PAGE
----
Over in the state assembly, still controlled by Republicans, because they went into the 2012 fall elections with a huge margin, there’s no way they are going to send Gov. Falk a budget with such a restoration.
That state goes into the ultimate gridlock.
Wisconsin would have to operate without a 2013-2015 budget. That’s been done before for several months past the June 30 deadline, but it’s painful. Our state statutes provide for continuance under the previous budget if a new one is not forthcoming.
That means, of course, that existing revenue levels have to suffice until a budget passes. Costs rise, but revenues are static. As a result, agencies, the university, school districts and counties are off balance. They have to set levies and tuition without a complete revenue picture.
In short, it becomes governance chaos.
We’ve become used to that here in the Dairyland State. The political world has become a circus, the citizens the circus audience. We buy the tickets, but have little to say about what happens in the three rings.
The no-budget scenario may never come to pass. Falk has to beat Gov. Walker, and it looks like a dead heat at the moment. But, even if Walker fights off the unions in the recall, it is probable that the Democrats will win back the state senate, where they just need to win one of four seats up for recall to regain the majority.
A change in that house could also ensure governmental paralysis, because a compromise on collective bargaining appears nigh impossible.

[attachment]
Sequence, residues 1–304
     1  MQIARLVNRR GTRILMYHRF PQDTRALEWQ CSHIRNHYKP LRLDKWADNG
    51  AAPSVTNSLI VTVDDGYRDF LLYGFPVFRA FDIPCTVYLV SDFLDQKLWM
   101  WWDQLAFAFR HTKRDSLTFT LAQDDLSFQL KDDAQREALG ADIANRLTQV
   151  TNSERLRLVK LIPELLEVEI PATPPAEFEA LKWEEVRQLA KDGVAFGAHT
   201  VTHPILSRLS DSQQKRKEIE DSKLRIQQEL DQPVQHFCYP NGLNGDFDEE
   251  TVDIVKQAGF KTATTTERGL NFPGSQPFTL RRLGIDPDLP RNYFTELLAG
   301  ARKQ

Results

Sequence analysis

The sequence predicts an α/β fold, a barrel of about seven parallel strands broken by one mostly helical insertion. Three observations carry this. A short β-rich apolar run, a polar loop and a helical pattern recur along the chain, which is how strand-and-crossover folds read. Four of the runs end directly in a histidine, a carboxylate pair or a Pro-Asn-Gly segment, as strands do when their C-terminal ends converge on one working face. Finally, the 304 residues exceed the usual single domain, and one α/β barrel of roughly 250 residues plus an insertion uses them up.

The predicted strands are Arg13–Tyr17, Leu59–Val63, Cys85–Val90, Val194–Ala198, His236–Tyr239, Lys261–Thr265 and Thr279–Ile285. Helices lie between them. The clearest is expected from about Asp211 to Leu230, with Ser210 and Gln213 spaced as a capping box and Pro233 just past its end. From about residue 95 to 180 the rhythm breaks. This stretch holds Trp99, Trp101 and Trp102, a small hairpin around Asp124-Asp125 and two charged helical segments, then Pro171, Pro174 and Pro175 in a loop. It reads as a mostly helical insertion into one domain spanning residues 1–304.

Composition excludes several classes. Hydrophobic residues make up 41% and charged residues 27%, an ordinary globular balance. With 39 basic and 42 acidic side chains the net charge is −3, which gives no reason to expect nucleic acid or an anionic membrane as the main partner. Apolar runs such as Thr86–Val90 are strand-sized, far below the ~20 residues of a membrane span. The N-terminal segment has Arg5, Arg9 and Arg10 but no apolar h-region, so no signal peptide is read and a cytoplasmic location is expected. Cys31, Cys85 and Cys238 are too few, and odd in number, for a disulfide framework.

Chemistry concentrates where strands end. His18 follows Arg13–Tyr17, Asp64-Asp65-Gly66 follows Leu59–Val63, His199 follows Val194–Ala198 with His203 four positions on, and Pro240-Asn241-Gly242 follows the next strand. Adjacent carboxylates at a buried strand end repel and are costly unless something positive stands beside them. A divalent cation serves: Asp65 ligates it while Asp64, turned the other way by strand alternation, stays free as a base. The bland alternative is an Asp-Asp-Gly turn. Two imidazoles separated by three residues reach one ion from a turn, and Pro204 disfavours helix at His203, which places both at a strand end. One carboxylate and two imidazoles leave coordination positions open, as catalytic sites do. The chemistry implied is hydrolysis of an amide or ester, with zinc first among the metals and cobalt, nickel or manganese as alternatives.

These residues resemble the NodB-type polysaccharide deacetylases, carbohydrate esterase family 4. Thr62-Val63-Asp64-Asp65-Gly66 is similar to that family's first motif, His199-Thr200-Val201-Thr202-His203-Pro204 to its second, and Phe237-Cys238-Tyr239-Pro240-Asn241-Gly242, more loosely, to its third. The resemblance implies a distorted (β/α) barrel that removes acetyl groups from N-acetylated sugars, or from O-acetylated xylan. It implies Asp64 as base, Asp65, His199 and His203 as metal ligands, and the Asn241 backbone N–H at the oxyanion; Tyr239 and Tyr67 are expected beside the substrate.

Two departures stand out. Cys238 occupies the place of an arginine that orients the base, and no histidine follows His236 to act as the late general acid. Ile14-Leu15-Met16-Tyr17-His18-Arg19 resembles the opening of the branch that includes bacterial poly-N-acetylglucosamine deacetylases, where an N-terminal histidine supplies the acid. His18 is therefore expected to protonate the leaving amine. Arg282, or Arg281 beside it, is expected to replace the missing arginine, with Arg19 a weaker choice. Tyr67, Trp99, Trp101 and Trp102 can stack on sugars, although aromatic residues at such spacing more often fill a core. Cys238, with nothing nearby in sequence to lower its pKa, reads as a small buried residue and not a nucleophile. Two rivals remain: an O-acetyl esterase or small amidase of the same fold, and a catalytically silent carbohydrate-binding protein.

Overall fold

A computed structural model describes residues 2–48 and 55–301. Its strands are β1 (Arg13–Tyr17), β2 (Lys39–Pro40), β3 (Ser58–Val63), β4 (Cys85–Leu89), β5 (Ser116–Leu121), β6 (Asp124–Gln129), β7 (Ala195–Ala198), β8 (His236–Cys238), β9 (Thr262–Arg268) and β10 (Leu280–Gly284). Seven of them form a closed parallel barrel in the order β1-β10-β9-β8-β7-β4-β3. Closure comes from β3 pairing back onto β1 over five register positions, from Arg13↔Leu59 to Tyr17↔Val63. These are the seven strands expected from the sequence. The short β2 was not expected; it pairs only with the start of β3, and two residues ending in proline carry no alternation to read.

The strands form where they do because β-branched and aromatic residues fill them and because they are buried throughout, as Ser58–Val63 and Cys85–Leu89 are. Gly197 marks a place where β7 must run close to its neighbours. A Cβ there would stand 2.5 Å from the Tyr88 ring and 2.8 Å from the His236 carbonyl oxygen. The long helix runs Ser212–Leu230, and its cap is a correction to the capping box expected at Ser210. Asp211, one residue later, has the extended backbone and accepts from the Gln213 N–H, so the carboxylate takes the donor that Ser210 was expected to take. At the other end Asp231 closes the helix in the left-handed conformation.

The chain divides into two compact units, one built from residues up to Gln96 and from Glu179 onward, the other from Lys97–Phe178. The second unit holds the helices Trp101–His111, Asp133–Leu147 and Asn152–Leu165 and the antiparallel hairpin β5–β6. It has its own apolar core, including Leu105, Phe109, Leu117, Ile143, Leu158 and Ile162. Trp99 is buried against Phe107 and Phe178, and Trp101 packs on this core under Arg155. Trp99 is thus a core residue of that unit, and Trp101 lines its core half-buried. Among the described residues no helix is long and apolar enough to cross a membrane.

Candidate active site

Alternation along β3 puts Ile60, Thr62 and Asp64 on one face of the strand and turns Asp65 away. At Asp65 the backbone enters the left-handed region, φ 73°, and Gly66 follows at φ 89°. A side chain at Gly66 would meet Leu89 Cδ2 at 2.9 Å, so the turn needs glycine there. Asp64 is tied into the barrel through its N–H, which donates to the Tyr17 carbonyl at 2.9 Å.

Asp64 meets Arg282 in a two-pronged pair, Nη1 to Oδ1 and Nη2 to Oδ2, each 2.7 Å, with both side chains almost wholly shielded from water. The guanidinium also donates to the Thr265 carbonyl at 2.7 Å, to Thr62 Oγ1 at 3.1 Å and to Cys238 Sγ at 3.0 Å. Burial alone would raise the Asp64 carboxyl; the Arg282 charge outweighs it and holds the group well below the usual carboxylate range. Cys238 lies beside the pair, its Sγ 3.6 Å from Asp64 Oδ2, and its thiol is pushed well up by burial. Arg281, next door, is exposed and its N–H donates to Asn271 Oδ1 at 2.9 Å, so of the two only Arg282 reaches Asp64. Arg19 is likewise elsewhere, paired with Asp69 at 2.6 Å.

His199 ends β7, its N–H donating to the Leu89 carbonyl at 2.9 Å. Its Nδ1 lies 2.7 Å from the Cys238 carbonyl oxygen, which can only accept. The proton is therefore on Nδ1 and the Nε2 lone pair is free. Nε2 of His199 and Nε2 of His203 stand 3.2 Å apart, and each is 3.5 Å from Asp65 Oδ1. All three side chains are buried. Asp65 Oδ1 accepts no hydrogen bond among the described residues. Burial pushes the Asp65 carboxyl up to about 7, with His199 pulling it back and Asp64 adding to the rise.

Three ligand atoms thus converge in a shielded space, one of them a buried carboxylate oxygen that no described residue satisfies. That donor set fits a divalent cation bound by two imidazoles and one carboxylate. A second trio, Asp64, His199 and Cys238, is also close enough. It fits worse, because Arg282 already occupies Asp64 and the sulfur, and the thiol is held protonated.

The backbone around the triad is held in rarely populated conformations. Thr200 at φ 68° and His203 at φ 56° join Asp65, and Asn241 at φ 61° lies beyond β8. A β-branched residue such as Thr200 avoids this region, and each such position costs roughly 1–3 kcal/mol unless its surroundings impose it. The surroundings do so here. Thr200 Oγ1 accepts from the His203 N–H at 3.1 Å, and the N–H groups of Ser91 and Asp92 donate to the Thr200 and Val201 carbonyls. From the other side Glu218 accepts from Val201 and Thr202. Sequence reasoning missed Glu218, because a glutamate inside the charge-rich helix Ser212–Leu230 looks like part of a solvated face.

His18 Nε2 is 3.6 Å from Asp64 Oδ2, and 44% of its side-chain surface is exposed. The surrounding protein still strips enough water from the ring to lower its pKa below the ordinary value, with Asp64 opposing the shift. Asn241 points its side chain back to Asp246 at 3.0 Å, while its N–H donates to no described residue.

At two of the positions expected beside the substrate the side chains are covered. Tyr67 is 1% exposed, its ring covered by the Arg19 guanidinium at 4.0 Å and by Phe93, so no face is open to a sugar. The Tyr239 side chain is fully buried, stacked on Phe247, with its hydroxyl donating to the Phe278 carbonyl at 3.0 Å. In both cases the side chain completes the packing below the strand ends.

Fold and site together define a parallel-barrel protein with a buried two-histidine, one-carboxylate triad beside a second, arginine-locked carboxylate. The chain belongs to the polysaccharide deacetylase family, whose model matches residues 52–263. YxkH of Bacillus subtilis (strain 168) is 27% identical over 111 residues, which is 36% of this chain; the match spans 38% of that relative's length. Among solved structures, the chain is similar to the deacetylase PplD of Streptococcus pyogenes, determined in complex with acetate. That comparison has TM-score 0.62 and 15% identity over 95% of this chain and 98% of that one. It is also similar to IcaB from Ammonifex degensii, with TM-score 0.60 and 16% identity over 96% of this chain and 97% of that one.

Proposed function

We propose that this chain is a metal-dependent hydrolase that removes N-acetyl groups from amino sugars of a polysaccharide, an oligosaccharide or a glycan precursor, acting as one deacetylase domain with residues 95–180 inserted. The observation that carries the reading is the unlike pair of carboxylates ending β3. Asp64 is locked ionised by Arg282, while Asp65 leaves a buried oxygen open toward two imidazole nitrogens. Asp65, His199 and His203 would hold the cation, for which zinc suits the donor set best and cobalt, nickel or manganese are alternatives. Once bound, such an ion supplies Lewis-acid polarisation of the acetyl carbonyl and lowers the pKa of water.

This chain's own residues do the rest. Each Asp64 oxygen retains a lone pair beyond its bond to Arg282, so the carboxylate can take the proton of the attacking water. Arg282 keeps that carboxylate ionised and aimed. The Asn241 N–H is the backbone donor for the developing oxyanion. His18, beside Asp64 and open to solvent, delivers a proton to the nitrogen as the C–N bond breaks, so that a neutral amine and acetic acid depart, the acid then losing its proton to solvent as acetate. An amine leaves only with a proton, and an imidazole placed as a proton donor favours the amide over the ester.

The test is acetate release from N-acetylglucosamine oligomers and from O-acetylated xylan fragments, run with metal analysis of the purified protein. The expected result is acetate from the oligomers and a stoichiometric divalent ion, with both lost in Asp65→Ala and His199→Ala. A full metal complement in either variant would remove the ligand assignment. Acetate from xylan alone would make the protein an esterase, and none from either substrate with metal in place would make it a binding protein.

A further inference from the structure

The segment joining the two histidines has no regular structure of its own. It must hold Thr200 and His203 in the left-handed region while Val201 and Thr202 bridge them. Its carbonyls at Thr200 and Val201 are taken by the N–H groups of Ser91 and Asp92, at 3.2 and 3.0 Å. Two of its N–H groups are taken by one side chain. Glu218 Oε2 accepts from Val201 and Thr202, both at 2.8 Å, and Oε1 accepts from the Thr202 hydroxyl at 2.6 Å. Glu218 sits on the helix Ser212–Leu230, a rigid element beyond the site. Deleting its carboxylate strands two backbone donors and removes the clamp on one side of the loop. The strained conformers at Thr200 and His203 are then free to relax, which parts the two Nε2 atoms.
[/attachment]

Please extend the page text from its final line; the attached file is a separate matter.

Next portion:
The 2013-2015 budget impasse could be held hostage to political divisiveness for a long time.
Gov. Walker and Lt Gov. Kleefisch have just declined a recount of the recall signatures, meaning that they are trying to increase the possibility that the recall vote for the four GOP senators will fall on the same date as the gubernatorial recall balloting. Right now, it looks like an early June recall election for the six of them. The Republican thinking has to be that the four recalled GOP senators stand a better chance of surviving if they can ride the governor’s coat-tails.
The June contest will be the ultimate political donnybrook, a high-stakes national poker game. Both sides will put all their chips on the table, millions of chips, more money from outside the state than from the inside — from corporate givers on the right, anxious to retain the gains from Walker’s first year, union givers on the left, desperate to reverse the Walker attack on their powers and dues flow.
As soon as the din dies down from the recall battles, it will be right back to hyper-politics for the fall presidential and another round of legislative elections.
There are so many scenarios, such as how a Walker win or loss will affect the presidential vote in November. Political junkies find the circus entertaining. Many people I talk to in Wisconsin find the divisiveness discouraging. Others think this an important fight to fight, a set of elections with real meaning for the state and the country.
When it’s over, though, and both parties are battered and bruised, the country and state will need some centrist leaders to guide us from warring camps to some common ground from which to govern.